Locally, Christine Quinn has scheduled the vote on changing the New York City term limit to three terms for this Thursday, which suggests she thinks she has the votes to pass it, though there are only eighteen declared supporters and twenty-one declared opponents, along with twelve undecided council-members whose vote will be decisive. If you're a New Yorker who opposes this change (arguments against it are discussed below) please contact your city council person, especially if they're one of the undecided. If you're unsure of who your council-member is, enter your address here.

My council-member, Sara Gonzalez, has unfortunately moved from undecided to in-favor. I read earlier today that New York-based third party the Working Families Party is considering running a candidate against her. If she is going to vote for this extension, I hope they find one to at least put a good scare into her.

Nationally, Mark Kleiman suggests that if the Democrats have the numbers to do so following the election, they should eliminate the filibuster. I'm not sure how I feel about this, because in theory I like the idea of a way to measure not just the bear existence of a preference but also its intensity. For various reasons, the filibuster doesn't actually work to do that, but maybe it could be modified to do so. Either way, that's tangential to my point, which is that, assuming Senate rules would allow it, any elimination of the filibuster should phase in two years after its passed, that way another cycle of Senate elections have taken place and the political party eliminating the rule wouldn't be so directly engaged in self-aggrandizement.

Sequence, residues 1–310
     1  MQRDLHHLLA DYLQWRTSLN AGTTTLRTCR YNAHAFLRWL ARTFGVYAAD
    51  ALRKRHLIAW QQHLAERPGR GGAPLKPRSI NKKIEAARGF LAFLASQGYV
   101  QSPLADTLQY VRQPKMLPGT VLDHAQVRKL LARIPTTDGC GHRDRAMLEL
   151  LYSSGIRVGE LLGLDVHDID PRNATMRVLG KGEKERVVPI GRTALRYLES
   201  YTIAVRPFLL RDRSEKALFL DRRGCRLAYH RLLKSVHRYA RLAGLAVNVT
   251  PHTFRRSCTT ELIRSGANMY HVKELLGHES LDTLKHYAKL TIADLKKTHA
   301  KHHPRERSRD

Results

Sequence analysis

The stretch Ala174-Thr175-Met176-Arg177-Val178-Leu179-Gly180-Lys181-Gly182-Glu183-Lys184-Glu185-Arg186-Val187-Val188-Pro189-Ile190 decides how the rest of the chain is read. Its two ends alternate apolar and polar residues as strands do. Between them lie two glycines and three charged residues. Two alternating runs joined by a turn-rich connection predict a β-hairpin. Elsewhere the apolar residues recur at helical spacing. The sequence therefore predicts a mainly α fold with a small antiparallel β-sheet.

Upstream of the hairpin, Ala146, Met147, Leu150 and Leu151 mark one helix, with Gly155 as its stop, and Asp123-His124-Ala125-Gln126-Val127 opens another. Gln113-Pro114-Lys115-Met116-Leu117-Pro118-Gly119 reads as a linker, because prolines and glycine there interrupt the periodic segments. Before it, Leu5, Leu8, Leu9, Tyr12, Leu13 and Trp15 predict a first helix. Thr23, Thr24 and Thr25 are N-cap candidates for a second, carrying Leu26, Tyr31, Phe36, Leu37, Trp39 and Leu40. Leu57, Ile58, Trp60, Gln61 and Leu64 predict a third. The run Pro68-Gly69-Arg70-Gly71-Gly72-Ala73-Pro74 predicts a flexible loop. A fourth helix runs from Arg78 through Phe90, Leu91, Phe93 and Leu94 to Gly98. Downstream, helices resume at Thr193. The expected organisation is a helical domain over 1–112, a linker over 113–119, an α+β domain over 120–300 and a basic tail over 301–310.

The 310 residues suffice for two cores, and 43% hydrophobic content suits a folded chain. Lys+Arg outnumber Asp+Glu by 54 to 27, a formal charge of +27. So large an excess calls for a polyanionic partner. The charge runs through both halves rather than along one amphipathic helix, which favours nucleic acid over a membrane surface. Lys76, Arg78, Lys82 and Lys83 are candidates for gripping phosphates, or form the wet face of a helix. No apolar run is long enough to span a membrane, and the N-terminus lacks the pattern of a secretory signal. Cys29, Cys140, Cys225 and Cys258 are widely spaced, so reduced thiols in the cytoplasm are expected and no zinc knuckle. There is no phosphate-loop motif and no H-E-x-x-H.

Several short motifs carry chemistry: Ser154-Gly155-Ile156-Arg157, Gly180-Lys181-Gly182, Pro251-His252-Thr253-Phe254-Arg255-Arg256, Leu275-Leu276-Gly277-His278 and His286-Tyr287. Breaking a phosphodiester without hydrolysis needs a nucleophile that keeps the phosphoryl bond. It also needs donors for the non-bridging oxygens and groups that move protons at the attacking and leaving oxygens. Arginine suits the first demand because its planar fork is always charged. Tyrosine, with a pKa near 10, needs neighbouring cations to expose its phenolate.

I really wanted a “globally” here for structural reasons, but I don't have any global procedural issues to address. Nationally again, I think I favor Sandy Levinson's proposal that Cheney resign on November 5, that Bush appoint the winner of the electoral college to the Vice-Presidency, and then Bush himself resign. He originally suggested (in print, at least) in 1998 that the lapse in time between an election victory and Presidential inauguration was the single stupidest Constitutional provision.